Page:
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Exercise Made Just For You

A group of young adults participate in an aerobic jogging workout.
Jessica Collins conducts aerobic workouts for her research, similar to what's pictured above.
Photo by Danielle Cerullo

Have you ever walked into a busy gym and immediately felt overwhelmed by the sheer number of machines? How do you know which workout will benefit you the most? It may be tempting to turn around, walk out the door, and head back home to bed. Luckily, with the help of student wellness adjunct professor Jessica Collins, BYU students discovered a more effective way to personalize the prescription of exercise.

Researchers and coaches have been perplexed for years as to why people receive varying benefits from the same kind of exercise. For example, two people could run at the same percentage of their max heart rate for the same distance through multiple months, and yet, one person could only increase their endurance a mere 4%-12% while the other person could increase their endurance by 40%-60%.

Collins (MS ‘21) approached the issue from a physiological perspective. She recognized that the body’s way of adapting to different kinds of exercise is in levels above and below the physiological threshold known as “critical power.” Critical power is the highest power/intensity of exercise you can sustain for a long period of time.

Collins hypothesized that the effectiveness of a workout is determined by how far above or below critical power it is.

“We wanted to test out two common aerobic exercise programs because they’re what people are doing see exactly how these programs influenced critical power,” said Collins. “We programmed the exercises so our subjects could reach their maximum power, and we found a lot of variability. The people who were doing the high intervals were working at the same percentage of their VO2 max — the maximum amount of oxygen consumed during exercise — but had very different results.”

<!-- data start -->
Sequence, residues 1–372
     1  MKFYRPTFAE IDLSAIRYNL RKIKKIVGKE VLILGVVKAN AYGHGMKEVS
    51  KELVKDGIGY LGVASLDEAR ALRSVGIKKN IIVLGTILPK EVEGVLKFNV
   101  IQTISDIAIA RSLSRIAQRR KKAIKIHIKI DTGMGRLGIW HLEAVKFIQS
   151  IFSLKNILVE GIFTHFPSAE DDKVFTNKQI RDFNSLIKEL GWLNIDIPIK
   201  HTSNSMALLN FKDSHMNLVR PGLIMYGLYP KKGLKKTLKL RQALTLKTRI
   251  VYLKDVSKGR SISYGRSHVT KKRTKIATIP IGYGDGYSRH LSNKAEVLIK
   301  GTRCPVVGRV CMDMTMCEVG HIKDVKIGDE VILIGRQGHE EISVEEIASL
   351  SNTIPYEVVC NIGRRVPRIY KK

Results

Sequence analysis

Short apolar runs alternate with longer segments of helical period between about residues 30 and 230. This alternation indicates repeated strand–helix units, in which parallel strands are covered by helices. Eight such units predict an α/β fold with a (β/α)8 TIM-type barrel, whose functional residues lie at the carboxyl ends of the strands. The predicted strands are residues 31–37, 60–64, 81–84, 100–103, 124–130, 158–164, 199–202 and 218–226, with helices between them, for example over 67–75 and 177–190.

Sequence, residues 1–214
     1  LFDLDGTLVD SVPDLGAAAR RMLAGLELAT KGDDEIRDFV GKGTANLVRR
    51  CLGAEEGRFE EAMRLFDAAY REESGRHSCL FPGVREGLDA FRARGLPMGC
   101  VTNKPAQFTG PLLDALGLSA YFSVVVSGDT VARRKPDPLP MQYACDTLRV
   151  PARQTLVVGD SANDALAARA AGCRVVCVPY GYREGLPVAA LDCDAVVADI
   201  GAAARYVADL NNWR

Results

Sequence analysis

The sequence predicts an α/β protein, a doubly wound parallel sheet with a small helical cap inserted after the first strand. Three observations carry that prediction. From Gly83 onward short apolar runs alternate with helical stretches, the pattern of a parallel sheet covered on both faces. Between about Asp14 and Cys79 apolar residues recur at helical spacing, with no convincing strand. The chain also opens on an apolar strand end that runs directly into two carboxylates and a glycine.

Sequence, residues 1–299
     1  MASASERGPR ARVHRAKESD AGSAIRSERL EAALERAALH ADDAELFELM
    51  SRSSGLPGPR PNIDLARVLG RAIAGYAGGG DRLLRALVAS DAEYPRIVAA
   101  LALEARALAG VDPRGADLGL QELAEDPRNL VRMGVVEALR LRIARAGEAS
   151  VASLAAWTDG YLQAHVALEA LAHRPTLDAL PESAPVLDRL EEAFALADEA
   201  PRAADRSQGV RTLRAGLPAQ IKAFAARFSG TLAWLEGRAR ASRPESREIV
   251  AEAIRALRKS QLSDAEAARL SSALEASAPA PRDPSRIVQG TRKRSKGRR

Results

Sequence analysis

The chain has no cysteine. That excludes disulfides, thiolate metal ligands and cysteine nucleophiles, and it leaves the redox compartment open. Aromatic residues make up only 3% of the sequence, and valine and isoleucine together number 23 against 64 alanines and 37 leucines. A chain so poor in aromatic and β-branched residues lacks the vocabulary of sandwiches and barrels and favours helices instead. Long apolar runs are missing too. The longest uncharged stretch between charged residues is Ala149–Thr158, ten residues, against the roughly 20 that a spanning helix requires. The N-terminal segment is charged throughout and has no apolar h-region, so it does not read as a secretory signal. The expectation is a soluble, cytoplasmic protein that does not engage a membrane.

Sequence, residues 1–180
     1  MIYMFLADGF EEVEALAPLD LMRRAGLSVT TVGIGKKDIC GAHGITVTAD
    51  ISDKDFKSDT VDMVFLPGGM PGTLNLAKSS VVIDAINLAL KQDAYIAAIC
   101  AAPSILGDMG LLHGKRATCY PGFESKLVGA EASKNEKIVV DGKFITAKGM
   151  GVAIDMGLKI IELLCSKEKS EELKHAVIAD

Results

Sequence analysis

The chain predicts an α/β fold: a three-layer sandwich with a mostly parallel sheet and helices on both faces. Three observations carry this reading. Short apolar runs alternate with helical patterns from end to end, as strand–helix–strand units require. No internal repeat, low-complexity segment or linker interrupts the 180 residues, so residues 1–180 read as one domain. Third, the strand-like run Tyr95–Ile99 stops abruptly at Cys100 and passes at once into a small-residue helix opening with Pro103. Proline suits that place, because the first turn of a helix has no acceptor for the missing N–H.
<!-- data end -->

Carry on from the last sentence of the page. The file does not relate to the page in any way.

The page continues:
Collins’ research took place over two years. 22 subjects participated and each individual completed eight weeks of workouts. They were each assigned two different types of exercise training at fixed percentages of their maximum aerobic ability or “VO2 max.” Collins and her lab were surprised to find that both training programs increased critical power.

At the end of her study, Collins found that a participant’s growth was based on where the exercise fell along their critical power. “Because critical power plays such a big role, maybe instead of prescribing our workouts based on VO2 max, we should base it off of critical power because that makes our workout so much more personal. Critical power could help an individual see results faster,” Collins said.

Collins said she felt extremely lucky for this to be the big study for her master's thesis. Not only did she love the topic, but working with real people meant a lot to her. “I was able to develop a relationship with my volunteers and encourage them to keep pushing through the hard exercises so they could see improvement at the end of the study,” Collins said.

Collins’ study could be life changing for many people. By creating exercise plans based on an individual’s placement on the critical power threshold, one could see their endurance increase and be more confident in the way they work out.

Along with being an adjunct teacher, Collins has been teaching cycling classes for the last year as a part of BYU’s student wellness program. “I get to apply the research and our findings with those classes, and get to explain the science to my students to help them better understand how to make a more personalized workout on their own,” Collins said. “I enjoy helping them feel more empowered and confident.”